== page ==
U.S. authorities announced additional charges against former chief security officer at Uber, in connection with his involvement in covering up a cyberattack and subsequent data breach against the ride-hailing service’s systems. In addition to the first charges against him, which included obstruction of justice and another felony, Joseph Sullivan now faces wire fraud charges.
As some users may recall, in 2016 Uber concealed an attack that led to the leaking of more than 57 million user records and more than 500,000 drivers. This information was downloaded from a cloud storage bucket by stealing the access credentials associated with a software engineer working for Uber.
The U.S. Department of Justice (DOJ) argues that Sullivan always knew about the attack, so he made a deal with the hackers responsible not to disclose the incident in exchange for a $100,000 USD payment in cryptocurrency. Those responsible for this attack were eventually identified and arrested for an intrusion on LinkedIn.
Trying not to raise suspicions, Sullivan pretended that the payment to the hackers was actually a payment of rewards for vulnerabilities, allegedly received by legitimate researchers. The prosecutors in charge of the case point out that this was a clear attempt to hide malicious activity, using a program to stimulate the investigation and combat the malicious exploitation of vulnerabilities.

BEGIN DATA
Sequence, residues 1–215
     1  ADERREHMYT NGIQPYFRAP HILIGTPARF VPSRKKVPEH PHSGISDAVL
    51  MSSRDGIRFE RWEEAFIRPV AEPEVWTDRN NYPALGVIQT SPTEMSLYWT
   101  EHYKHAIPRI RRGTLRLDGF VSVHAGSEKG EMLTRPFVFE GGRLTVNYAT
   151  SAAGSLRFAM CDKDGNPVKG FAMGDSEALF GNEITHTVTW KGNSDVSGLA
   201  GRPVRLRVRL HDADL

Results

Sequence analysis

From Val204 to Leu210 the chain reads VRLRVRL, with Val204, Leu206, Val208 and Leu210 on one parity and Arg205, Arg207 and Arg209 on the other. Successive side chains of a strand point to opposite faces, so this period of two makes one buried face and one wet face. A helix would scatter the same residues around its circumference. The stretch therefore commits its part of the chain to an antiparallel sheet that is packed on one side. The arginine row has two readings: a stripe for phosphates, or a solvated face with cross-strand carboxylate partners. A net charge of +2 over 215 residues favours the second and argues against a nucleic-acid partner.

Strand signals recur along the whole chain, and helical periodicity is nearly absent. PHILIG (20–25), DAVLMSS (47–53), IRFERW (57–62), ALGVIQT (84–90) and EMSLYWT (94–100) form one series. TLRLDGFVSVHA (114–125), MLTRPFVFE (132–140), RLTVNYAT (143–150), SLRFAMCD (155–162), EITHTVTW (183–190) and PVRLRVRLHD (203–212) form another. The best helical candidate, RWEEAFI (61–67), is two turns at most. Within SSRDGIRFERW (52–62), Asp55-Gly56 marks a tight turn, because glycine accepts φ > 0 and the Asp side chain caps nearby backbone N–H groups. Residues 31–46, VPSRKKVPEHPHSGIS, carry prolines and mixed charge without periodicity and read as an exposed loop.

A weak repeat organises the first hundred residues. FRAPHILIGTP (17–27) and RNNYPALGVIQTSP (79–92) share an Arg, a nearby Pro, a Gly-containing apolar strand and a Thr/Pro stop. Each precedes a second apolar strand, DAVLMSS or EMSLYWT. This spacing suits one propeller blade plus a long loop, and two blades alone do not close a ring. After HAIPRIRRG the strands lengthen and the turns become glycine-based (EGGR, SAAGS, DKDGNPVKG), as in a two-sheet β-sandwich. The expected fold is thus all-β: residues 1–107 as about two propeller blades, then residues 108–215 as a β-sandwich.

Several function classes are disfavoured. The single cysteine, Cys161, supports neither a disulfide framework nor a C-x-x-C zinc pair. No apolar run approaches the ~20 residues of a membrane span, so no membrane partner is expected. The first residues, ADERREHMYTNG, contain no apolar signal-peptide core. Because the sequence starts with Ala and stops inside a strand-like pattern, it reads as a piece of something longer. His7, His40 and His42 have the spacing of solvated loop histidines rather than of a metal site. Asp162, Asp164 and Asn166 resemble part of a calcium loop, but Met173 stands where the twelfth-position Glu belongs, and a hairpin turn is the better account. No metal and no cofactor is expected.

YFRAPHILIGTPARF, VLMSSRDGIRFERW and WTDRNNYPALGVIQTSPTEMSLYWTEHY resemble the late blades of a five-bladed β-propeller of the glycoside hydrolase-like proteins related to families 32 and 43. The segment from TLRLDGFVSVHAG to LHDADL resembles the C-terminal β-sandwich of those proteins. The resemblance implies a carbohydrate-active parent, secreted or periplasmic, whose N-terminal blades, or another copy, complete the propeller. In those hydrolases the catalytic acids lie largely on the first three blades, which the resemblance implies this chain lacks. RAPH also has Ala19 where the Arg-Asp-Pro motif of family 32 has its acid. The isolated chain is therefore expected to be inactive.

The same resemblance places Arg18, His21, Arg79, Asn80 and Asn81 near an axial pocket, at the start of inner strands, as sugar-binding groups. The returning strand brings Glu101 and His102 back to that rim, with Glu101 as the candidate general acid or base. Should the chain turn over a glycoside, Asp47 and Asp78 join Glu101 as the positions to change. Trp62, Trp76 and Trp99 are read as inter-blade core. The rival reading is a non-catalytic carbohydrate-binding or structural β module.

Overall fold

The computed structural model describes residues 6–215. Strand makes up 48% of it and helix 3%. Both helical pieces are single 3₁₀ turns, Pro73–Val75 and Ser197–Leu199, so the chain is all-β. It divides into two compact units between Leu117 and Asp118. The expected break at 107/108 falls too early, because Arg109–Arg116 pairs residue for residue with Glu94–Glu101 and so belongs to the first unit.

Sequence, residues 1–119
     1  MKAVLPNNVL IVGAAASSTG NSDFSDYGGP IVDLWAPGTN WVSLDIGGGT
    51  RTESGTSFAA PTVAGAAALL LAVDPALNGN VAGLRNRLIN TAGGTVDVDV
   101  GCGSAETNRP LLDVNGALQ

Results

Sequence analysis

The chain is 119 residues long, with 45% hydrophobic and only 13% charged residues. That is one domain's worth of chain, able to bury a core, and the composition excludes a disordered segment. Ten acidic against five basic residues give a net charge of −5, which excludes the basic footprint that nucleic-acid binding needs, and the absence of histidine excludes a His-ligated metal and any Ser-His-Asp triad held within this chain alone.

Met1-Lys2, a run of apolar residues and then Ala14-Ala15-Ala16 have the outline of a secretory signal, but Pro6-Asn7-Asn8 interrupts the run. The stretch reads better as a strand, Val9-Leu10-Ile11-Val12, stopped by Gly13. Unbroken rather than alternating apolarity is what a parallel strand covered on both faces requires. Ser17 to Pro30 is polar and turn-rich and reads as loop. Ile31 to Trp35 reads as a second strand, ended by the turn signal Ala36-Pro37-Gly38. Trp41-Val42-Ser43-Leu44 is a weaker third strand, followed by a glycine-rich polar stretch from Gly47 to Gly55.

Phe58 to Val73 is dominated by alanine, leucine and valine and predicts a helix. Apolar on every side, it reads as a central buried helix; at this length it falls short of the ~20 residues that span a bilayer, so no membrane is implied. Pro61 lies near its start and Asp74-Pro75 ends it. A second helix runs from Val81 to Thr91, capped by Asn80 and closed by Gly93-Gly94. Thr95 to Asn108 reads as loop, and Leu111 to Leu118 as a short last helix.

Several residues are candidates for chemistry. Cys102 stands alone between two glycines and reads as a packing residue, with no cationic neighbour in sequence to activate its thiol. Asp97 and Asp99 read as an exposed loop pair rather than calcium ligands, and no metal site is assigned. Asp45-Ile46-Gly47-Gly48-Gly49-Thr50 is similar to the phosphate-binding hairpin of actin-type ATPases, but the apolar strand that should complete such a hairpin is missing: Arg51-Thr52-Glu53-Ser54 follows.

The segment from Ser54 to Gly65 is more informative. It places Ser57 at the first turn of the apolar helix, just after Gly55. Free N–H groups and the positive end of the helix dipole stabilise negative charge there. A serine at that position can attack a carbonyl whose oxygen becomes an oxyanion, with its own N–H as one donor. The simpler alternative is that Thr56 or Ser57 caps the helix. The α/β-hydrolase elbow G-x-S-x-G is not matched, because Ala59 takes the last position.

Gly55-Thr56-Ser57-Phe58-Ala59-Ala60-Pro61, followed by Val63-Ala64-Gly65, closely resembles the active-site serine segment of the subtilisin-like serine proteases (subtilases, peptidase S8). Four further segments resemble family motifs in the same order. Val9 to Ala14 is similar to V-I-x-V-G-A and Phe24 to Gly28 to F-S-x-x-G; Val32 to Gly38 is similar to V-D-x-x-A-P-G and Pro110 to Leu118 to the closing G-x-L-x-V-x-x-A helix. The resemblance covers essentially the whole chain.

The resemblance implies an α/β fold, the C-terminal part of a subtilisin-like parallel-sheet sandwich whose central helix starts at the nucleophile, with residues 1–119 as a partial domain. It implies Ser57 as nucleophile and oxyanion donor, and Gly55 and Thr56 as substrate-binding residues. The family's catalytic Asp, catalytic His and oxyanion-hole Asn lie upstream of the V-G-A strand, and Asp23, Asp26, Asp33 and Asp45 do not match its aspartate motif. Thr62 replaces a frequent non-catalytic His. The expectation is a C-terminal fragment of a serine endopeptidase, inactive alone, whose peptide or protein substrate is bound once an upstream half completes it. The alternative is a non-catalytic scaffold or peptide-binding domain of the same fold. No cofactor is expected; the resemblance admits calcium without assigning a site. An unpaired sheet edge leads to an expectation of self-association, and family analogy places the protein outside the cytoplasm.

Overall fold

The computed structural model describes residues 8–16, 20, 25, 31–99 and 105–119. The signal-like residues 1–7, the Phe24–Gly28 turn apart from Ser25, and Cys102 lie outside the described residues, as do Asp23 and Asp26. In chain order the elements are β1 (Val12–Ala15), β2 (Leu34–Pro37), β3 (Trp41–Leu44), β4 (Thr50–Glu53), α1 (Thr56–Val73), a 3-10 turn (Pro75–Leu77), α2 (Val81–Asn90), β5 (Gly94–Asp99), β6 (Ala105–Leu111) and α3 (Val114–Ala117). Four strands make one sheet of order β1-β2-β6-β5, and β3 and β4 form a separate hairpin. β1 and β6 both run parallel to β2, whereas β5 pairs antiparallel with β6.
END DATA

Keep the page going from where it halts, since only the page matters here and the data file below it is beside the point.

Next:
Sullivan’s actions violated a California law that states that any business operating in this territory must notify residents of any data security incidents. On the wire fraud charges, the DOJ filed these new allegations because of its attempt to pass off the payment to hackers as part of Uber’s rewards program, plus there is evidence that Sullivan tried to influence the decision-making of the person who replaced him in office.
In total, Sullivan is charged with three counts of wire fraud, obstruction of justice and felony commission; although their final sentence is not yet known, the wire fraud charges could be punishable by a higher incarceration period than the other crimes. Sullivan is still waiting for his first hearing for the new charges.
To learn more about information security risks, malware variants, vulnerabilities and information technologies, feel free to access the International Institute of Cyber Security (IICS) websites.
He is a well-known expert in mobile security and malware analysis. He studied Computer Science at NYU and started working as a cyber security analyst in 2003. He is actively working as an anti-malware expert. He also worked for security companies like Kaspersky Lab. His everyday job includes researching about new malware and cyber security incidents. Also he has deep level of knowledge in mobile security and mobile vulnerabilities.